ROME – As Italy entered the first phase of its nationwide lockdown to fight the coronavirus a few days ago, a vignette made the rounds on social media. It showed a character from the children’s carton “Minions” holding a carton of milk and dressed like a cow, with the popular hashtag here #iorestoacasa, meaning, “I’m staying home.”
After that, it read: “Because it doesn’t happen every day that you can save Italy staying in your pajamas.”
It was intended to persuade kids not to try to sneak out of the house, but it captured something of the popular spirit here, at least during the first few days of the lockdown: People really do seem to think that by obeying the restrictions decreed by the national government, they’re engaged in an effort to save the country.
The day after the most recent set of decrees went into effect, I found myself in line at a grocery store here in Rome, one of the few businesses allowed to remain open. An employee was at the door, carefully regulating the number of people allowed in at any one time. Before long, however, she was called away to deal with a delivery, and the entrance was left unguarded.
Under virtually any other set of circumstances, Italians would have crammed and pushed their way into the store. Instead, the small group immediately established a sequence of who had arrived first, patiently waited a meter apart until someone exited the store, and then went in one by one. We even decided spontaneously that an elderly lady who’d arrived with her facemask, sanitizer and shopping cart should be moved to the front of the line.
I’ve frankly never seen anything like it, and it speaks to a sense of national purpose, however short-lived it may turn out to be as restrictions begin to chafe.
Under the heading of the “dog that didn’t bark,” however, what’s also striking about the mood of common cause is who’s had precious little role in summoning it: The Catholic Church, which in previous times of crisis typically has been the glue holding Italian society together.
It was Prime Minister Giuseppe Conte, not the president of the Italian bishops’ conference or the pope, who stirred the nation on Wednesday with his appeal to sacrifice and unity.
“To all those citizens worried about their jobs, their activities, their moms and dads, their grandparents and all their friends who today have to spurn their embrace, I want to say that the state has not forgotten you: It’s at your side today, and it will be tomorrow,” Conte said.
By way of contrast, neither Cardinal Gualtiero Bassetti, president of the powerful Italian bishops’ conference CEI, nor any other heavyweight prelate in Italy, has been especially prominent. Generally, they’ve registered only when announcing new suspensions of Masses or closures of churches, almost always in the wake of the latest government decree.
That may have begun to change, and it reached a crescendo on Friday – which, perhaps not so coincidentally, marked the seventh anniversary of Francis’s election to the papacy.
Three days ago, just after the latest Italian restrictions went into effect, Pope Francis celebrated his morning Mass at the Santa Marta residence where he lives, which is being livestreamed to the world, praying that priests “may have the courage to get out”, going to the sick to bring them the comfort of God, [and] to bring them the Eucharist” as well as to show solidarity with health workers.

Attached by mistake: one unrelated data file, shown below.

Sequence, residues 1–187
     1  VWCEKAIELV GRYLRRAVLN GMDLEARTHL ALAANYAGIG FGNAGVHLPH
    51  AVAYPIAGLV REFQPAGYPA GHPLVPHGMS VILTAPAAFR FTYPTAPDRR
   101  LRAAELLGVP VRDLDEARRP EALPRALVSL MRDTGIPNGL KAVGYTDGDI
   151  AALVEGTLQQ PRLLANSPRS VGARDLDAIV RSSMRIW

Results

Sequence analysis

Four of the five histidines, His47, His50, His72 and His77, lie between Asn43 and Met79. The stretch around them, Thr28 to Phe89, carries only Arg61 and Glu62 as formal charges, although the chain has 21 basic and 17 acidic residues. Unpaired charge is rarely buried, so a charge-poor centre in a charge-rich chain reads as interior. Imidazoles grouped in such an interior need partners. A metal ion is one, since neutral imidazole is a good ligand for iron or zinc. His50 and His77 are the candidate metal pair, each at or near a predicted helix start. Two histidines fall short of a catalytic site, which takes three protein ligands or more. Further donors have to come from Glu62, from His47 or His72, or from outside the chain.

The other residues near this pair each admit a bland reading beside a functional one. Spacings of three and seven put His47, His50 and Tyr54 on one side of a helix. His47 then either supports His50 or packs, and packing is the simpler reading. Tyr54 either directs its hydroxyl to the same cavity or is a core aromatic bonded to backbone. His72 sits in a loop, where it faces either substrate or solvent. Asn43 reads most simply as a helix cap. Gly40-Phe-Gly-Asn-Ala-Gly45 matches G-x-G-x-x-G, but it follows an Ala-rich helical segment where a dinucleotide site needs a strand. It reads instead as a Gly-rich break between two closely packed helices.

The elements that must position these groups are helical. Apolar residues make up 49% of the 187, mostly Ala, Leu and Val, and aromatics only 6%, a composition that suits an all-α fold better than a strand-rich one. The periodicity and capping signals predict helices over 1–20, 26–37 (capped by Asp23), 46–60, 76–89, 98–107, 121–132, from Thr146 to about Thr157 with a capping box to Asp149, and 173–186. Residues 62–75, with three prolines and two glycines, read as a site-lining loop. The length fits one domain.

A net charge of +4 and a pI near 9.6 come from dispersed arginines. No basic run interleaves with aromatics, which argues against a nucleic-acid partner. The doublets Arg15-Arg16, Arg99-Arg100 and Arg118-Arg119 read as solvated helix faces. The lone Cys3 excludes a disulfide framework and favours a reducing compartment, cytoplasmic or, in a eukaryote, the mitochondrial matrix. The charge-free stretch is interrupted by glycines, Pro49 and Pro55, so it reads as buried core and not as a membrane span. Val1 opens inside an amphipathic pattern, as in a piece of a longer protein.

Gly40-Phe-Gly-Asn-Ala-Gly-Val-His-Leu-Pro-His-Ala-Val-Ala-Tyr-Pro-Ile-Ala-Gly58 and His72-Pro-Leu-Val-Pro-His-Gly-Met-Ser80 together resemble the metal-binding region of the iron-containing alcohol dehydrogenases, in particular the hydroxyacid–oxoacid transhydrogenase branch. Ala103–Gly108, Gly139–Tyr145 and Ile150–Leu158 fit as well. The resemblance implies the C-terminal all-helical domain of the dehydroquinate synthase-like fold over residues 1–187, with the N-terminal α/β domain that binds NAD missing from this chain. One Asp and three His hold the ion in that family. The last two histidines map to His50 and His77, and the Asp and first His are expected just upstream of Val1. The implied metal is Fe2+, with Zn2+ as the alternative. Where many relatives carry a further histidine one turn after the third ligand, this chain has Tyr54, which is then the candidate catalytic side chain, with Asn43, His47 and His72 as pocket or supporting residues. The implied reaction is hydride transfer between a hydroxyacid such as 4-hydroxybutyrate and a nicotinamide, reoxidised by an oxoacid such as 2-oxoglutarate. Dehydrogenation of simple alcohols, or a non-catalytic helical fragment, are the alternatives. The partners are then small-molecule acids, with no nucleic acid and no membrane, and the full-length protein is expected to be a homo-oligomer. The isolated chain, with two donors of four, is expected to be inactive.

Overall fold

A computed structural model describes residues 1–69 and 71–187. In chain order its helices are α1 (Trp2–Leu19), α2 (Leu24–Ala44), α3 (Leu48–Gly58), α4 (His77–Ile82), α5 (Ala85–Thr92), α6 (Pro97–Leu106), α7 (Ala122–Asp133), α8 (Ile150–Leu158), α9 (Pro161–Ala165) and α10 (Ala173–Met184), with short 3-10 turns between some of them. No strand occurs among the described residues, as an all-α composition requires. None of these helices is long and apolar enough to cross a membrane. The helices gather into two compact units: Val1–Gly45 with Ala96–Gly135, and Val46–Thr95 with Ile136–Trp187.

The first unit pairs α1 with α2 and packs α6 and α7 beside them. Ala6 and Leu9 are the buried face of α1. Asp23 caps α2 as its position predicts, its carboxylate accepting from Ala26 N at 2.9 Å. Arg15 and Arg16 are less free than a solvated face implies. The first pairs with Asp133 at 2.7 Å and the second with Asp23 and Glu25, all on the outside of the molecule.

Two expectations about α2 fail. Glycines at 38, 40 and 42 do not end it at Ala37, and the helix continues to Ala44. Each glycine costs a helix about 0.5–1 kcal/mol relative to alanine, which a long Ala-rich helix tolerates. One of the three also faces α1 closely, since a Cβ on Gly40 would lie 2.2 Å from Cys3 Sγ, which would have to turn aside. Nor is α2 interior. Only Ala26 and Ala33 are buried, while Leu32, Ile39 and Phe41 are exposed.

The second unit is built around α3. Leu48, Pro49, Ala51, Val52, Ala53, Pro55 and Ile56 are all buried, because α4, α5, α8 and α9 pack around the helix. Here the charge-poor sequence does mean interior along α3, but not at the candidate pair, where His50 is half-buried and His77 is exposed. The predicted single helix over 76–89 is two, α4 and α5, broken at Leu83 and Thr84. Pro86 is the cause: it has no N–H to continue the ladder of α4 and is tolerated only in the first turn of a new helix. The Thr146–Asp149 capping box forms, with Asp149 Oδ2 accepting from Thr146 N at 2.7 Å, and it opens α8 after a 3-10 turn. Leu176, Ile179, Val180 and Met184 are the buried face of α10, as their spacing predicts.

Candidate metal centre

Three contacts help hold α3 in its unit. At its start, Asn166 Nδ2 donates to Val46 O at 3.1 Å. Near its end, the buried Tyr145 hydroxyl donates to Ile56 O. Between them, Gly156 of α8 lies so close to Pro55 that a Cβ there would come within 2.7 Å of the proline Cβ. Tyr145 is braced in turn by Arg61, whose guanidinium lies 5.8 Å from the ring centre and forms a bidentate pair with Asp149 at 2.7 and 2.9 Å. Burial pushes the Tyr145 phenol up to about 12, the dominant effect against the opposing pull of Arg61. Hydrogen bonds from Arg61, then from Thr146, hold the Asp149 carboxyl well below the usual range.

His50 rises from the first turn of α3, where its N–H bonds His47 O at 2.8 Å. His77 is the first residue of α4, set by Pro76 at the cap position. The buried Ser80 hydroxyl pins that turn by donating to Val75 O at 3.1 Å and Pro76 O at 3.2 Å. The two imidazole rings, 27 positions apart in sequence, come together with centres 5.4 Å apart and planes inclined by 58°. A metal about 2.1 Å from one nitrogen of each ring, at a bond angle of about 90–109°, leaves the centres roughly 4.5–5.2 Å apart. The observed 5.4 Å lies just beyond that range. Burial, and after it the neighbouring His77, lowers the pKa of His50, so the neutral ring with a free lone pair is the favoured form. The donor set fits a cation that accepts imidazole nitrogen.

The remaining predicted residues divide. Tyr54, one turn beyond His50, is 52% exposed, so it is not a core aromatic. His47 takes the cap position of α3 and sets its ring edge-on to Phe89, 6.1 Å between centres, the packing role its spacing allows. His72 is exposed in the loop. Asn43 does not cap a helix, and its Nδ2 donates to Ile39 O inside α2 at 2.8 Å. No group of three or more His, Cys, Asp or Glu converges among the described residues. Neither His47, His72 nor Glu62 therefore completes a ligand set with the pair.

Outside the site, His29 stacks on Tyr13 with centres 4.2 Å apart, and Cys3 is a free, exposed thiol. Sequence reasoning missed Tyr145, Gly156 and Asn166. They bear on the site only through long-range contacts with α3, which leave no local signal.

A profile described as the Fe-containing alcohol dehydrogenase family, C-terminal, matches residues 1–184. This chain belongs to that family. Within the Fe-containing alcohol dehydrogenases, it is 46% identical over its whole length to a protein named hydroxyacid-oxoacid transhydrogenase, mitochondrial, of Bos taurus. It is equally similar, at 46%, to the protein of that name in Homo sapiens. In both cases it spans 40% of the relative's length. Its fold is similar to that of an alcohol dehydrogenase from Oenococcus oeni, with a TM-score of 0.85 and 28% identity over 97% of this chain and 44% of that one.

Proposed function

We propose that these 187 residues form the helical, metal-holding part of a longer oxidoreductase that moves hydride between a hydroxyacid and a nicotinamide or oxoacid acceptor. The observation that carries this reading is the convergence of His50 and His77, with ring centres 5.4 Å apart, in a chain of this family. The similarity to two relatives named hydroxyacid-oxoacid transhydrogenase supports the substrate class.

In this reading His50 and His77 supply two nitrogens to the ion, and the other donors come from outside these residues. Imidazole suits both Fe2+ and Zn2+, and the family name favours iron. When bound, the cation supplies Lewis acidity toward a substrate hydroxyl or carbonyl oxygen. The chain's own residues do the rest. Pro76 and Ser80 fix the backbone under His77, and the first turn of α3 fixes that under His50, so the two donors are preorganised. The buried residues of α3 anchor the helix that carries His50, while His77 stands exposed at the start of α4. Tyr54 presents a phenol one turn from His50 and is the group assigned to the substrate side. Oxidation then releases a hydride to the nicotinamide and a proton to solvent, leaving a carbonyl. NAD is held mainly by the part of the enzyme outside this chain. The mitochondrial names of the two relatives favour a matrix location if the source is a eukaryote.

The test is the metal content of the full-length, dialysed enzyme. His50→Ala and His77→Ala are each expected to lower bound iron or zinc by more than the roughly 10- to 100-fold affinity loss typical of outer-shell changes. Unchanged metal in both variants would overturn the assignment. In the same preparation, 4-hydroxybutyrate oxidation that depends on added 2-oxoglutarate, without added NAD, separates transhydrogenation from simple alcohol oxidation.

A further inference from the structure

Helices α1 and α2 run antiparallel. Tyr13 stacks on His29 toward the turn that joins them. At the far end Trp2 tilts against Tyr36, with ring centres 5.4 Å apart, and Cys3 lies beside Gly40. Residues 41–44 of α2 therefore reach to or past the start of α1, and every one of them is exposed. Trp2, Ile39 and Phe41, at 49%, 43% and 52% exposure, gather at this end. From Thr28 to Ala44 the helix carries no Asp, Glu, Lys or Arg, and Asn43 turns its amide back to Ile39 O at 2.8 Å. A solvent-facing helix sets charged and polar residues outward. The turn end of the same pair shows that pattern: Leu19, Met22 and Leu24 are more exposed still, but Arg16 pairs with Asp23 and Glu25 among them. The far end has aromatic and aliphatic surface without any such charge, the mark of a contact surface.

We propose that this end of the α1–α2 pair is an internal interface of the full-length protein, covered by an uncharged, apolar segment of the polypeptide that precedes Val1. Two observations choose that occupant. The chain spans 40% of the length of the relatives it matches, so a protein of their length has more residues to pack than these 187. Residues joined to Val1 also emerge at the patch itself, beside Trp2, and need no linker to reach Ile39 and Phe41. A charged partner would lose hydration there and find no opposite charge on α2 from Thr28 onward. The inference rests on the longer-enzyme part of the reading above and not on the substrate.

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Friday morning, just hours after Cardinal Angelo De Donatis, the pope’s Vicar of Rome, announced that all Roman churches would be closed to the faithful until at least April 3, Francis said at the beginning of his morning Mass that “not all drastic measures are good” and that the “holy faithful people of God” should not be left alone.
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Later in the morning, the pope’s own almoner, Polish Cardinal Konrad Krajewski, essentially defied the order, opening his titular church of Santa Maria Immacolata and inviting people in for Eucharistic adoration.
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Shortly after that, news broke that De Donatis was walking back his decree on closing churches. In a new letter dated Friday morning, De Donatis said he’d met with Francis, who urged him to look beyond healthcare considerations to consider the risk that “people will feel even more isolated” if they can’t even go to church to pray.
The pope’s reaction speaks to a powerful popular religious instinct in moments of crisis in Italy, which in Rome is expressed above all in the desire to pray before the image of Maria Salus Populi Romani in the Basilica of Santa Maria Maggiore.
In times of plague and war, famine and desperation, generations of Romans have placed their hopes before the image, and the thought they might not be able to do so this time – even while observing common-sense limits on distance and the number of people allowed in at any given time – was deeply unsettling.
The pope’s call on priests to be courageous in getting out is also relevant, given that many priests in Rome have proven reluctant to respond to requests for private Masses or delivery of the Eucharist, citing health concerns and inviting people to practice “spiritual communion.” In fairness, many are in a high risk category because they’re elderly, or they live with elderly confreres, but nonetheless it’s striking.
Since his election seven years ago, Francis has become known for his call to “pastoral conversion,” meaning seeing the rules and structures of the Church as secondary to the pastoral care of souls.
For many Italians, this may be one of Francis’s finest pastoral moments – insisting that even amid a pandemic, their church won’t leave them completely alone.
Follow John Allen on Twitter: @JohnLAllenJr
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